Wrote the President, “Unbeknownst to almost everyone, the major Taliban leaders and, separately, the President of Afghanistan, were going to secretly meet with me at Camp David on Sunday. They were coming to the United States tonight. Unfortunately, in order to build false leverage, they admitted to an attack in Kabul that killed one of our great great soldiers, and 11 other people. I immediately canceled the meeting and called off peace negotiations. What kind of people would kill so many in order to seemingly strengthen their bargaining position? They didn’t, they only made it worse! If they cannot agree to a ceasefire during these very important peace talks, and would even kill 12 innocent people, then they probably don’t have the power to negotiate a meaningful agreement anyway. How many more decades are they willing to fight?”


Contributor Created with Sketch. The Ability of Markets


This past week, New York Times reporter Ben Casselman wrote a powerful story with the provocative title “In a Tight Labor Market, a Disability May Not Be a Barrier.” The article praised the diversity and inclusion initiatives that are now deeply embedded in modern corporate culture. Casselman told the moving story of Kate Cosway, who obtained her master’s degree in chemistry and chemical engineering in 2014. Cosway is on the autism spectrum. Her difficulty with interviews meant her job quest had little traction until this past summer when she was taken on as an intern at Dell Technologies in the company’s audit department. She did well and earned a permanent paying position in the fall. After lauding Cosway’s rise, Casselman asks: How long will the present-day hiring party last if an economic downturn is brought about by President Donald Trump’s on-again-off-again trade war with China?

Cosway is no anomaly in today’s hot job market. Thousands of workers who were once thought marginalized and unemployable are now being pursued by employers with tempting offers: good benefits, flexible hours, and training on the job. Ex-cons, college students, retirees, and members of minority groups are all being lured into the labor market by employers faced with serious labor shortages.


Promoted from the Ricochet Member Feed by members Created with Sketch. How Creative Are You?


From a very young age, and well into my adult years, I didn’t think I was creative. I wasn’t into craftsy things. My efforts to sew my clothes did not go well, and my knitting products were a mixed bag. At one point I wrote poems on my parents’ Royal typewriter. I wrote one poem about a bull, and have no memory of what I wrote, but at the time I had apparently mixed up bulls and cows. My parents were amused and explained the difference. I felt embarrassed by my mistake, and for a while I stopped writing poems.

But writing seemed to call to me. I certainly loved to read the writing of others. Most of my writing efforts were pretty straightforward. I’ve always been a left-brained, linear thinker, so that’s how I wrote. My writing is workman quality.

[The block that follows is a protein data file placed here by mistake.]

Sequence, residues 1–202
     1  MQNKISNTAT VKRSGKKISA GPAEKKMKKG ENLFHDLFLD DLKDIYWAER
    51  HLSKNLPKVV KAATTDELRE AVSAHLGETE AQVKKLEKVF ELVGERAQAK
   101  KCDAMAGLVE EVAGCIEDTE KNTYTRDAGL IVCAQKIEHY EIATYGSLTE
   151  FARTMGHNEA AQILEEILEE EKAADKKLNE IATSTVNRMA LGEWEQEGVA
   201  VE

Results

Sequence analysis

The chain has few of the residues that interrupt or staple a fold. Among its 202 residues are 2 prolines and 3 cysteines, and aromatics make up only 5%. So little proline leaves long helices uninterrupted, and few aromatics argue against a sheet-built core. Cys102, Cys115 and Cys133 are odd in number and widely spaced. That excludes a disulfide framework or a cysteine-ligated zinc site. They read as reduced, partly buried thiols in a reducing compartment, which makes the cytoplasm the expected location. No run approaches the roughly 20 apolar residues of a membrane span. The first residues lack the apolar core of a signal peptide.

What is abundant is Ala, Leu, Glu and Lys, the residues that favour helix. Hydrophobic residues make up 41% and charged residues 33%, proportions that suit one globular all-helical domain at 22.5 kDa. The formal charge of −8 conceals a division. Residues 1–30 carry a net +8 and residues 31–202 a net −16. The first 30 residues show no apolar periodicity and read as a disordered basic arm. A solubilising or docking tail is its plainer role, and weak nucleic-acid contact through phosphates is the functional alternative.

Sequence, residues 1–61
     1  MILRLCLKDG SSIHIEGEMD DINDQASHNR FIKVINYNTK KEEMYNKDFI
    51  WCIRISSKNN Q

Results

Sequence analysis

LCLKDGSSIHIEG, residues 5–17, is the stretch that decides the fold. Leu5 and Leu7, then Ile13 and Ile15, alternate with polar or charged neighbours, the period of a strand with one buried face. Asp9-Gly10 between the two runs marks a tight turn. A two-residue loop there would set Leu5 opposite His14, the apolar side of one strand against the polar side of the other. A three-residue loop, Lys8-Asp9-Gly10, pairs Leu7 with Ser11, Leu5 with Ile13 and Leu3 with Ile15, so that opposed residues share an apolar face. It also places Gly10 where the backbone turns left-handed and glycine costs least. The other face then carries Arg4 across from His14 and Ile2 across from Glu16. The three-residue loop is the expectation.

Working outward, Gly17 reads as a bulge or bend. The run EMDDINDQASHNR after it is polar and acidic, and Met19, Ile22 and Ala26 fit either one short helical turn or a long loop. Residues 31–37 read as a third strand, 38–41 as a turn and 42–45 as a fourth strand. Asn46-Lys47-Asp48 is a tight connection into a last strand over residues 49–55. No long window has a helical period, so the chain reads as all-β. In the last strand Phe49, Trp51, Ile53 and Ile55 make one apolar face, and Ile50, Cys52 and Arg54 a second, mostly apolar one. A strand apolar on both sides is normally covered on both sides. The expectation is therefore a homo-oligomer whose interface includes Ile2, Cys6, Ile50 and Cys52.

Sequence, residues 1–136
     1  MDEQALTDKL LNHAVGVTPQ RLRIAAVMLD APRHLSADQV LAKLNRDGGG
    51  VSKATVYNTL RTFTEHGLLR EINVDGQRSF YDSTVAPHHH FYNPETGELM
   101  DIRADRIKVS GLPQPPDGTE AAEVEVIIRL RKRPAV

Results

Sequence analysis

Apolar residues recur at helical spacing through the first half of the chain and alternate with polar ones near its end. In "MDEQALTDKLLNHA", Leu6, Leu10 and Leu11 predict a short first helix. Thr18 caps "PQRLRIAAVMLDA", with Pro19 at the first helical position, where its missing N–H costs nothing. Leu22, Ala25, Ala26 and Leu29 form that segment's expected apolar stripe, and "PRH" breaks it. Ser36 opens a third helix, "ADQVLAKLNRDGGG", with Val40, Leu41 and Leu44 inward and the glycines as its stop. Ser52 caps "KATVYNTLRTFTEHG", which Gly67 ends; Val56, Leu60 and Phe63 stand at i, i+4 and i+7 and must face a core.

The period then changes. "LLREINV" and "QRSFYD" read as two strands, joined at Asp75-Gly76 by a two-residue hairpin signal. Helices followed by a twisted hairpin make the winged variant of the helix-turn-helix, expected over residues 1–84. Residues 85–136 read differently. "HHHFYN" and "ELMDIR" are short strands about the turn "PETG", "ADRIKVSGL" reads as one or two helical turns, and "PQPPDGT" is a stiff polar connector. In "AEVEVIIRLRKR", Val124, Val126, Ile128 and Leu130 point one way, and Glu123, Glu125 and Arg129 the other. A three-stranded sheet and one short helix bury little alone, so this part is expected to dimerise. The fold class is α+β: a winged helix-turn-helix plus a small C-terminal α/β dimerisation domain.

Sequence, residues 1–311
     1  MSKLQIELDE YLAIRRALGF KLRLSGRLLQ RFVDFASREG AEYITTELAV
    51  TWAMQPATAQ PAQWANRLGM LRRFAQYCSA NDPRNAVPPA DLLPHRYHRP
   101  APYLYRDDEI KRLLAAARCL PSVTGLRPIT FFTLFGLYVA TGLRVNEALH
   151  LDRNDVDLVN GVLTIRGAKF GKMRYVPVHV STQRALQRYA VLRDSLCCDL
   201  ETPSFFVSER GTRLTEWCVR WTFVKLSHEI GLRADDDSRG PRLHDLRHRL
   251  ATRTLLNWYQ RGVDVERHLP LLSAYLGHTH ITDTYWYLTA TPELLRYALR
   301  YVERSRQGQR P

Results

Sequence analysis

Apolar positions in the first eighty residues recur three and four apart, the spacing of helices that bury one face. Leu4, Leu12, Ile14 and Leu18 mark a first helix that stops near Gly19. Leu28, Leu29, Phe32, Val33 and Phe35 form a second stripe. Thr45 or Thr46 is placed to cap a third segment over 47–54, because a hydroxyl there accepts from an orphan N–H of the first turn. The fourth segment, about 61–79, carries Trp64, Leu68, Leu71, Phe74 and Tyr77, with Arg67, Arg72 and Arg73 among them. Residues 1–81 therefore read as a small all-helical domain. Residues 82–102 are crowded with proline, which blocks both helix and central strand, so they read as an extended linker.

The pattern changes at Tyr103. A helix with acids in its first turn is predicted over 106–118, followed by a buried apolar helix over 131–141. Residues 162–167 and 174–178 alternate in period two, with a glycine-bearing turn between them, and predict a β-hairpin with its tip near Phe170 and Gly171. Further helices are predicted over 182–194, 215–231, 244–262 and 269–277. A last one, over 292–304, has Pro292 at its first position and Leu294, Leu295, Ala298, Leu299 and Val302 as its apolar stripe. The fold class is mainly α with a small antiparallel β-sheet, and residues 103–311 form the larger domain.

Promoted from the Ricochet Member Feed by members Created with Sketch. So, Who Am I Boycotting This Week?


In the spirit of lively debate, and because what started out as a comment that went on way too long, this is a rebuttal to @cliffordbrown ‘s post, in which he calls for a boycott of Walmart over their announced policy of discontinuing sales of pistol ammunition. I personally require no convincing to not shop at Wally World. I dislike the stores for a wide variety of reasons too long to enumerate here, and I’m not about to start shopping there except in case of immediate need.

So far so good, but let’s be honest, Wally World ain’t losing any money on my account so far because they ain’t getting it in the first place. And I imagine I’m hardly alone in my lack of effect on Sam Walton’s legacy — unless you live in one of the more rural towns where Walmart is the only general-goods game around, you’re not going to be shopping there unless you either need to, unless you like Walmart. But here is where I significantly part ways with Clifford: In his words:


Promoted from the Ricochet Member Feed by members Created with Sketch. Book Review: The Family and the New Totalitarianism


I just finished the book, The Family and the New Totalitarianism (2019) by Michael D. O’Brien. The book was originally published 24 years ago as a compilation of various articles and speeches by the author, as a writer, editor, and speaker. As a father of six, he and his friends’ challenges were with the rapidly changing Canadian school system, as they began to incorporate more controversial teachings, such as the introduction of alternative lifestyles and sexual conduct to younger and younger children.

Political and social changes were influencing the content beyond the acceptable norms that most parents would consider appropriate, but they had little say over their children’s education. When they met with school authorities, they were met with indifference, and in some cases, hostility. This forced the O’Briens, as well as some of their friends, into homeschooling.


Promoted from the Ricochet Member Feed by members Created with Sketch. Quote of the Day: Receipts = Rope


Receipt is Rope“The capitalists will sell us the rope with which we will hang them” — Unknown (attributed variously to Lenin, Stalin, and Marx)

As quotable as some of these old communists may be, it turns out that this quote cannot be definitively sourced to any of them. The meaning, nevertheless, is clear. People acting in their own short-term interest will fall into the hands of those with the will to power. While both the White Russian liberal reformers and the majority “moderate” wing of the Reds, the Mensheviks, dithered and acted as if they were in normal political space, the Bolsheviks acted decisively, initiating a 70-year reign.


Promoted from the Ricochet Member Feed by members Created with Sketch. Two Cows 2020


You’ve probably heard the “two cows” joke comparing different political and economic systems. Here’s where the 2020 presidential candidates fit in:

Michael Bennet, Julián Castro, John Delaney, and Wayne Messam: You have two cows. Not even they know who you are.